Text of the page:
Category: Great Questions

Have you ever lied about reading a book?

Even the most erudite and cultured Core students and faculty have at some point in their lives been placed in a sticky situation where lying about having read a book is the easiest way out. A useful post from The Guardian gives us a study of the top ten books that people have pretended to […]

Historical objectivity

Per the question of objectivity vs subjectivity in the reporting of history, relevant to cc203’s lecture on Thucydides’ “History”, check out this satirical piece by the Onion, titled World War II Documentary Suffused With Anti-Nazi Undertones. (courtesy alumna Jenna Dee)

The Major #1: English?

Looming above many college students is the uncertainty of choosing a major. The Core does not have specific instructions on how to make this important decision… However, here we highlight some of the common opinions on the matter. Today’s topic is the English Major: In a thoughtful though rather biased article from The Chronicle Review we […]

Explaining Nietzsche and Existentialism to 5-Year-Olds

Relating to CC202’s study of Friedrich Nietzsche is an excellent and amusing attempt to explain his existentialism to a group of 5-year-olds. Here is the video: For more information, visit

A Review of Christian Wiman’s Spiritual Autobiography

In his review of Christian Wiman’s spiritual autobiography, My Bright Abyss: Meditation of a Modern Believer, Jay Parini discusses Wiman’s emphasis on the importance of faith to a critic. Here is an extract: It strikes me that criticism—systemic reflection on texts, even on life itself—has lost its urgency during the past 30 years or more, […]

Oscar Wilde in America

In his review of Roy Morris Jr.’s Declaring His Genius: Oscar Wilde in North America, Justin Beplate discusses Oscar Wilde’s trip to America, and the lasting effect that it had on his writing and personality. Here is an excerpt: Wilde’s reception in America was uneven. If some were bemused by the colourful paraphernalia of aestheticism, others […]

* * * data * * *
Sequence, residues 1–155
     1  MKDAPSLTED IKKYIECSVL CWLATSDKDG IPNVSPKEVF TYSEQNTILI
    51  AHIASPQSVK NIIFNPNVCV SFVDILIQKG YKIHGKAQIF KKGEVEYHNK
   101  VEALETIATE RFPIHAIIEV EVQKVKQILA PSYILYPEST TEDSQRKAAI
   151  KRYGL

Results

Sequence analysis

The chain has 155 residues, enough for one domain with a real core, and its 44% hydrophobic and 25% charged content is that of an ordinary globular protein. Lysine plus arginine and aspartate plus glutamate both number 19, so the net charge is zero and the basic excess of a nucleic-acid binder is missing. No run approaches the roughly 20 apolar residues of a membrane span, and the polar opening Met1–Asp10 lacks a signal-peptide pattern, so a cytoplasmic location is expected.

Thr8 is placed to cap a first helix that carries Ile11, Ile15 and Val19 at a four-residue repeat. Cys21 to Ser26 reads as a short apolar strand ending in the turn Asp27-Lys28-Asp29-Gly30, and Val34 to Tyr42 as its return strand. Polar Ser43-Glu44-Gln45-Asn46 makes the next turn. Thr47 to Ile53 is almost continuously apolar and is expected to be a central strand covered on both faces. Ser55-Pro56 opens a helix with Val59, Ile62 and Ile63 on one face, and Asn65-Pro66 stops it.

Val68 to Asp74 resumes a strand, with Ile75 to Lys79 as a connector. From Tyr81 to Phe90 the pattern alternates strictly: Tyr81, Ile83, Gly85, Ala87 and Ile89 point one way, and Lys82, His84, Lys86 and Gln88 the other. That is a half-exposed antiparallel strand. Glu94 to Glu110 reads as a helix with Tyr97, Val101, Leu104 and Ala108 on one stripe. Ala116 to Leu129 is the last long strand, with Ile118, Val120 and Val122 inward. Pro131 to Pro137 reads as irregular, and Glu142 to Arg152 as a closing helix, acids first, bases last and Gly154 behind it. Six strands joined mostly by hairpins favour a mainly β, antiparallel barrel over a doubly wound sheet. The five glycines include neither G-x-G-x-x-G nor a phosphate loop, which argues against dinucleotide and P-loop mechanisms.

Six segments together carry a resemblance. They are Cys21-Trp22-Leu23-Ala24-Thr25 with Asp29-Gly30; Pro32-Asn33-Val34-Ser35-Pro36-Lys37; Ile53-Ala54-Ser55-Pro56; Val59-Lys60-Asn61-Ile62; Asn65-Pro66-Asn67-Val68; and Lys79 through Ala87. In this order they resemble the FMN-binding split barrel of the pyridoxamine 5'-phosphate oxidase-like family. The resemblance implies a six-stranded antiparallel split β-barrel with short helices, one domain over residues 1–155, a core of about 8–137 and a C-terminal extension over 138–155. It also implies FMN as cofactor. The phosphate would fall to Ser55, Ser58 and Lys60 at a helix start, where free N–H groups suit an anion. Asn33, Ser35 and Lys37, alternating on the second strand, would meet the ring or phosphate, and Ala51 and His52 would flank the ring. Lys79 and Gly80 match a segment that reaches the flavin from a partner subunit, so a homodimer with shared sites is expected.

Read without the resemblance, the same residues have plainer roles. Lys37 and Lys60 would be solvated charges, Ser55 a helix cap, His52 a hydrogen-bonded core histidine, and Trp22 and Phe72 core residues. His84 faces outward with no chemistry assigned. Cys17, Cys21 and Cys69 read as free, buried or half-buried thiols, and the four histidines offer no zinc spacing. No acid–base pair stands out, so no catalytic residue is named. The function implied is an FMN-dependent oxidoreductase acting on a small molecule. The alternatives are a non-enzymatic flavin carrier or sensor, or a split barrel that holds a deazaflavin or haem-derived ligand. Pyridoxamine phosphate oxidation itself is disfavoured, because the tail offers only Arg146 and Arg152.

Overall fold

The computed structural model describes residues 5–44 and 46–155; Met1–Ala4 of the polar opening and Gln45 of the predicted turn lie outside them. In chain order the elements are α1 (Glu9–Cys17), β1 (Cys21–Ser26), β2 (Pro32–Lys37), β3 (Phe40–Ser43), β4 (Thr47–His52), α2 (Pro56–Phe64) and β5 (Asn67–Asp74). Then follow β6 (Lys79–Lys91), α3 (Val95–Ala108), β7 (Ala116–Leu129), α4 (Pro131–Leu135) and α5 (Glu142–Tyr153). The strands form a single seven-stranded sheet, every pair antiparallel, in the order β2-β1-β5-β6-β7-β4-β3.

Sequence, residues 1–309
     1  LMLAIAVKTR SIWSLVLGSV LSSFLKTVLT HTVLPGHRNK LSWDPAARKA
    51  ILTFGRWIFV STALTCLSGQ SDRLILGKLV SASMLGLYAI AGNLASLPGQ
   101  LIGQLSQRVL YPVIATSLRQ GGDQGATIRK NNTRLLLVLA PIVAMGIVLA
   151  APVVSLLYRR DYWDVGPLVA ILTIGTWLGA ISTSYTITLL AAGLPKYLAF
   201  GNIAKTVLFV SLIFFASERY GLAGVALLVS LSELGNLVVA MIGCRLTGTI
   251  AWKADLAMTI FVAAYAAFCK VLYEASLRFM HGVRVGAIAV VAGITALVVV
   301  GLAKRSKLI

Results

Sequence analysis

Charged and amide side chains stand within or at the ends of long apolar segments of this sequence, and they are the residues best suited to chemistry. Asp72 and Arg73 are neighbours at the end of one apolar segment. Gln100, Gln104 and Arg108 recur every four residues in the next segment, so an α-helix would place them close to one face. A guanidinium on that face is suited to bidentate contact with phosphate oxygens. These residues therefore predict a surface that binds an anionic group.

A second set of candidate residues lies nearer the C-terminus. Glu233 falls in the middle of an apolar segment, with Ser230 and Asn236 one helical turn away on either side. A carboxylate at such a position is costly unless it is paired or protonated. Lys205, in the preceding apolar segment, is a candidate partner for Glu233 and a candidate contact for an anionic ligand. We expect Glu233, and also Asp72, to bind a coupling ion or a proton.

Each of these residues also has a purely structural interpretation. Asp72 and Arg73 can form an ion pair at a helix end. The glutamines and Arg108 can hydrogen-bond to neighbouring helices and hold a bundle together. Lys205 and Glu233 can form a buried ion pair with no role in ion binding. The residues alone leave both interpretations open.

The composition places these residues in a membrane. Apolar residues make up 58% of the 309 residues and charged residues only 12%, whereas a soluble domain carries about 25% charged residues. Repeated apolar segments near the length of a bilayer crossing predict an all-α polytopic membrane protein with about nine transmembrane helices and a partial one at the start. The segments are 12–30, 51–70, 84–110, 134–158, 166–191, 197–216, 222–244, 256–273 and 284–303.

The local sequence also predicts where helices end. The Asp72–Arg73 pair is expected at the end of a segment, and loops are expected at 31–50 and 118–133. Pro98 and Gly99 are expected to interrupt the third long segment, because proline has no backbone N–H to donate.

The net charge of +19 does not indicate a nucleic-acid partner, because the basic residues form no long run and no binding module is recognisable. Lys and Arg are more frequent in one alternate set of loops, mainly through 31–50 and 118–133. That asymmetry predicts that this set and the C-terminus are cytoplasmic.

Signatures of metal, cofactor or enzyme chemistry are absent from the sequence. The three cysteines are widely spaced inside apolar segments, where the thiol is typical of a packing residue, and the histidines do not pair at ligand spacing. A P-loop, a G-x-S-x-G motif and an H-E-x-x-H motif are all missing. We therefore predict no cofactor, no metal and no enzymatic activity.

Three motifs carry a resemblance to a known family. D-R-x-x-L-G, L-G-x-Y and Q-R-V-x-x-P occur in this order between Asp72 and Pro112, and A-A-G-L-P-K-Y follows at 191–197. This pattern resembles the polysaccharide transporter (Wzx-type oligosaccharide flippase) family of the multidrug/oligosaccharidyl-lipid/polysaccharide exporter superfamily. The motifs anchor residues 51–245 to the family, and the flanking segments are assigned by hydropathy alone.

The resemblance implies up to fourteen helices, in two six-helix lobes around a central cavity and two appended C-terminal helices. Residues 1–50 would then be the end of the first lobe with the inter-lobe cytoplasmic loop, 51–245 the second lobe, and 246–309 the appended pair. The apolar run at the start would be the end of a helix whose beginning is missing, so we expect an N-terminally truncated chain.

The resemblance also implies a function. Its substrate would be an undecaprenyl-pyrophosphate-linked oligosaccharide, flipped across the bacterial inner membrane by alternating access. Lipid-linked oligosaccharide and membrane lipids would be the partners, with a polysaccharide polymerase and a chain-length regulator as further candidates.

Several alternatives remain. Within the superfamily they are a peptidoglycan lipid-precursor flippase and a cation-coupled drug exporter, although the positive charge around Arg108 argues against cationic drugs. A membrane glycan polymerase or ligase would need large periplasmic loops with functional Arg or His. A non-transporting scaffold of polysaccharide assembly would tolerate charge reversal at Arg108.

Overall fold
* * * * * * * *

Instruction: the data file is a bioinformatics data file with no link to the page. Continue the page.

Writers’ Reasons For Reading

Here is where these great writers get their zest for reading: “Every man who knows how to read has it in his power to magnify himself, to multiply the ways in which he exists, to make his life full, significant, and interesting.” Aldous Huxley “Reading a book is like re-writing it for yourself. You bring […]

Criticism of ‘Jane Austen, Game Theorist’

Relating to CC202’s study of Jane Austen’s work is an article from Slate, in which Adelle Waldman gives her amusing criticism of a recent book that discusses Austen’s insight into human behavior. Here is an extract: Austen, it seems, has something to tell us. And not only us English majors. Mathematicians. Game theorists. Serious thinkers. Even […]

Annual Poetry Reading: Poetry’s Distant Voice

The Core presents a “set of two poems, which are the same poem” as phrased by Zachary Bos, one of the respected speakers at the Annual Poetry Reading this year on April 16th. The theme of the reading was “Poetry’s Distant Voice”, and here is Zachary Bos’ contribution: From The Book of Hours I, 36 MacDiarmid, […]

Boston: Forever Changed

Former US Poet Laureate Robert Pinsky, who teaches here at BU, shares his reaction to the Boston Marathon bombings: Out of town, watching the horror on a screen, in a familiar place on a familiar occasion, I thought first of my daughter, who works at Mass. General, and my daughter-in-law, who was in Copley Square […]